Legally Mandated Healthcare Changes
The 2,400 page Affordable Care Act, now known as Obamacare, is difficult to decipher not just because of its length but also because of the legalese it contains. 2011 included an attempted House of Representatives repeal of the act and several court cases challenging its constitutionality. Those cases are in disarray with some courts ruling it constitutional while others disagree.
This law is one of the most far reaching and profound pieces of legislation passed and signed into law in decades. In 2012 Medicare health care providers will be able to start affordable care organizations to cut costs and improve quality of care. Other major provisions won't be effective until 2014, but big changes in health care insurance have already been implemented.
For example, senior citizens started paying 50% less in prescription drug costs under the new law. That was due to drug company discounts worked out under the law. Seniors can also receive annual exams and some screenings without having a co-pay.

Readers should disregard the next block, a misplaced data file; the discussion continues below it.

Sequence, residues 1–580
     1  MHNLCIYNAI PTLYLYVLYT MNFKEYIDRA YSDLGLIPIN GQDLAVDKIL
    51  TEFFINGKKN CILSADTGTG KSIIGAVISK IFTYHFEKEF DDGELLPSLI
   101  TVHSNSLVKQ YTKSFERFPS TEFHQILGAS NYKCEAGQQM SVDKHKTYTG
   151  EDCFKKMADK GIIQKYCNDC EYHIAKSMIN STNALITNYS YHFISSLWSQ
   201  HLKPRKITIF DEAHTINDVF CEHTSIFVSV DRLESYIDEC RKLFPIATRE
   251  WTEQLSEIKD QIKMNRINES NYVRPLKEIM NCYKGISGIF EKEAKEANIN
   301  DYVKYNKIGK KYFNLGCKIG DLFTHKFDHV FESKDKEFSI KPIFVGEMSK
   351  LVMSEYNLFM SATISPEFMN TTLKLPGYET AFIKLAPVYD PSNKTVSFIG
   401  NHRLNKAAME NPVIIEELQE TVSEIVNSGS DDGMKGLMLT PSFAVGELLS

Insurance for those with pre-existing conditions, a huge health care insurance gap in previous years, became available. Those patients could join the government's Pre-Existing Condition Insurance Plan. Premiums dropped from an average of $390 a month to $234 a month. Older people weren't the only ones who were helped by the act.
The law allows young adults between the ages of 19 and 25 to stay on their parents' health insurance policies. Proponents of the law say this has made it possible for young people to take jobs in fields they like rather than to take jobs mainly to get the benefits they want. Young people, too, are permitted by the law to maintain health insurance despite pre-existing conditions.
The Supreme Court is slated to consider the constitutionality of the law this year and has allotted an astounding 5 hours for oral argument.